• Some genetic conditions are more likely to happen again or be cancer. So, your test results may affect treatment decisions or long-term plans to track your health.
  • Results from tests may suggest that other family members should be screened for pheochromocytoma or related conditions.

Genetic counseling can help you understand the results of your genetic testing. It also can help your family manage any mental health issues tied to the stress of genetic testing.


The main treatment for a pheochromocytoma is surgery to remove the tumor. Before you have surgery, your healthcare professional likely will prescribe certain blood pressure medicines. These medicines block high-adrenaline hormones to lower the risk of dangerously high blood pressure during surgery.

Preparing before surgery

You'll likely take medicines for 7 to 14 days before surgery to help lower blood pressure. These medicines will either replace or be added to other blood pressure medicines you take. You also may be told to eat a high-sodium diet.

Medicines such as alpha blockers, beta blockers and calcium channel blockers keep smaller veins and arteries open and relaxed. This improves blood flow and lowers blood pressure. Some of these medicines also may cause the heart to beat more slowly and with less force. This can lower blood pressure more.

Because these medicines widen the blood vessels, they cause the amount of fluid within the blood vessels to be low. This can cause dangerous drops in blood pressure when you stand up. A high-sodium diet can draw more fluid inside the blood vessels. This helps prevent low blood pressure during and after surgery.


Most often, a surgeon makes a few small cuts called incisions in the stomach area. Wandlike devices equipped with video cameras and small tools are placed through the cuts to do the surgery. This is called laparoscopic surgery. Some surgeons do the procedure with robotic technology. They sit at a nearby console and control robotic arms, which hold a camera and surgery tools. If the tumor is very large, surgery that involves a larger incision and opening the abdominal cavity may be needed.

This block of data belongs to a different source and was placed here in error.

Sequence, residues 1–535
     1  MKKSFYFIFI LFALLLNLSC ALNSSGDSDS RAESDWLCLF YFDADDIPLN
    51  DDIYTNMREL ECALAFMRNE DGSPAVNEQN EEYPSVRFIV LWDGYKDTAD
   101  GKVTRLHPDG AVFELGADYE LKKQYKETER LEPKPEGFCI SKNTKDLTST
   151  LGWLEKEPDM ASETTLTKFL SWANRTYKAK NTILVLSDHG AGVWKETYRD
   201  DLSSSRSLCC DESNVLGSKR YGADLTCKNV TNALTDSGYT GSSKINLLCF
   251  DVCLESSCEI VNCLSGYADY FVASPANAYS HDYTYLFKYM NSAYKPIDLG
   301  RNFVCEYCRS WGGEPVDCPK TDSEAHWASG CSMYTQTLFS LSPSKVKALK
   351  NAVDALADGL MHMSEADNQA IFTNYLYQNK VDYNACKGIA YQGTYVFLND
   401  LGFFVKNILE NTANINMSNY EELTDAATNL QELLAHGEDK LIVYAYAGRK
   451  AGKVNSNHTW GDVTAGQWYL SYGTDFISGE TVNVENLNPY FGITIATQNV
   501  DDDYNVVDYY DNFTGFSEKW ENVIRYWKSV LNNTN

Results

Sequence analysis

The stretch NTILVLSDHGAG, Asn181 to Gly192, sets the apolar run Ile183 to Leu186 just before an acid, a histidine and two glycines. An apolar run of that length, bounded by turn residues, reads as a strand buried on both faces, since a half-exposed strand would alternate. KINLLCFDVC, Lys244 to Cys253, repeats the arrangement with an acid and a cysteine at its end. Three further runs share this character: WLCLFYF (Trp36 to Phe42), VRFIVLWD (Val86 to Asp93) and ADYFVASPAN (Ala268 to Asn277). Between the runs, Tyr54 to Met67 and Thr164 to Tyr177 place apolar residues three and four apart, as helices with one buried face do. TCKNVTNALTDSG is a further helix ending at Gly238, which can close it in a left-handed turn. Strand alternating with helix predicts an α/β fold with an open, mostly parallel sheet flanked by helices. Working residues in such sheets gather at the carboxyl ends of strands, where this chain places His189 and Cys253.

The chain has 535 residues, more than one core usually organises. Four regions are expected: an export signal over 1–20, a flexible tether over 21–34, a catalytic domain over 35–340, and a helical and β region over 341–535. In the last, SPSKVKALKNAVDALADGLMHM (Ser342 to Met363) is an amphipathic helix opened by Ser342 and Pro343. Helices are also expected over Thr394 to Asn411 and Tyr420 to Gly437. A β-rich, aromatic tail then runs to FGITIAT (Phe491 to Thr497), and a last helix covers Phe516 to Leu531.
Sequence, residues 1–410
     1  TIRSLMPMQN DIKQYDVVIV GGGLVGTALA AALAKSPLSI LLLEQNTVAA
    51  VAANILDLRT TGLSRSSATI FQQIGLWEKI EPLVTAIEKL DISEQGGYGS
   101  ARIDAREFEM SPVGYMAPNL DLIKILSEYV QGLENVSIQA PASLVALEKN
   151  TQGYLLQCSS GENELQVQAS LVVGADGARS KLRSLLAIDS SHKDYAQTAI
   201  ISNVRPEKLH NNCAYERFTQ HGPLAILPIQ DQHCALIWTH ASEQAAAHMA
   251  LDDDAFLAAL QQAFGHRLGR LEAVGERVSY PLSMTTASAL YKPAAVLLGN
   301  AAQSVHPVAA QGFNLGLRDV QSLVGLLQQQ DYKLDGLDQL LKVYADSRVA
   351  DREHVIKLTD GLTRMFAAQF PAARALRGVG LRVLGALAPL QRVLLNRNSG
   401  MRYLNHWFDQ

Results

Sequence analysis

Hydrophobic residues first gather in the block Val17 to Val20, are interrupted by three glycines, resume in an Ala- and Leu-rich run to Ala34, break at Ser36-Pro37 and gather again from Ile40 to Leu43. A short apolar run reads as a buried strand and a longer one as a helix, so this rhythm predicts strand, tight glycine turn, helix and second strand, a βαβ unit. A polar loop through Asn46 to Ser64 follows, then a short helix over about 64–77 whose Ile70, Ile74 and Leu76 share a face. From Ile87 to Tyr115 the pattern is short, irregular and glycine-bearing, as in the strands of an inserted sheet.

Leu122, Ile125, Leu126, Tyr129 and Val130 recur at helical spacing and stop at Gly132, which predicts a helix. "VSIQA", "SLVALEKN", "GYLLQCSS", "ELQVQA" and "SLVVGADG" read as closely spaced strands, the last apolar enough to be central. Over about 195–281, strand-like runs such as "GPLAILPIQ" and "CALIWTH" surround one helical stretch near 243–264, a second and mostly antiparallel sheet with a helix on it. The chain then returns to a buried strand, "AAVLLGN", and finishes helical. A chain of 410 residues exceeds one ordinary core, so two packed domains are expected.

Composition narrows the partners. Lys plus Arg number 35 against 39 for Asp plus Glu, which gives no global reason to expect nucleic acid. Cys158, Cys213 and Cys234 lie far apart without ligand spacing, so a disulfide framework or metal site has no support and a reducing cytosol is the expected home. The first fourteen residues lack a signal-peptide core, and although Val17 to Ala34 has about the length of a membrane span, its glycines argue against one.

Often, the surgeon removes the entire adrenal gland that has the pheochromocytoma. But the surgeon might remove only the tumor, leaving some healthy adrenal gland tissue. This may be done when the other adrenal gland also has been removed. Or it may be done when there are tumors in both adrenal glands.

If a tumor is cancer, and the cancer has spread to other organs, surgery may not be able to remove all of the cancer tissue. Removing as much of the tumor as possible along with medical therapy might ease pheochromocytoma symptoms. It also makes blood pressure easier to control.

After surgery

If one healthy adrenal gland remains, it can carry out the functions usually done by two glands. Blood pressure usually returns to a healthy range after surgery. You'll need regular checkups with your healthcare professional for the rest of your life. These appointments help track your health, find other health concerns and check to see if the tumor has come back. If both adrenal glands are removed, you’ll need to take steroid medicines for the rest of your life. These medicines replace certain hormones that the adrenal glands make.